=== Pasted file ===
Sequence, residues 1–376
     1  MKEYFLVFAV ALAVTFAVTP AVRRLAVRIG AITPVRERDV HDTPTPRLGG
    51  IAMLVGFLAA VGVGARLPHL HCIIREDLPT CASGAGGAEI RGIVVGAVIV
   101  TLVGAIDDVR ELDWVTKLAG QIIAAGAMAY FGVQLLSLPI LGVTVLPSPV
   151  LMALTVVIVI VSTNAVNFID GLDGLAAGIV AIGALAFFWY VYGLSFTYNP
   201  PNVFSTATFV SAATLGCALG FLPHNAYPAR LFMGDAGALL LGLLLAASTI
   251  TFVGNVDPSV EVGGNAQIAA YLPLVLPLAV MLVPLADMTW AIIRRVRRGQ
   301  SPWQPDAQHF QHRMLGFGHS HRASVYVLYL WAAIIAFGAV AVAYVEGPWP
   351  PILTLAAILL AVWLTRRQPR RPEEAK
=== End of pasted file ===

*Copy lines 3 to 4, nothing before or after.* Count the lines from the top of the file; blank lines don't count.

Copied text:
    51  IAMLVGFLAA VGVGARLPHL HCIIREDLPT CASGAGGAEI RGIVVGAVIV
   101  TLVGAIDDVR ELDWVTKLAG QIIAAGAMAY FGVQLLSLPI LGVTVLPSPV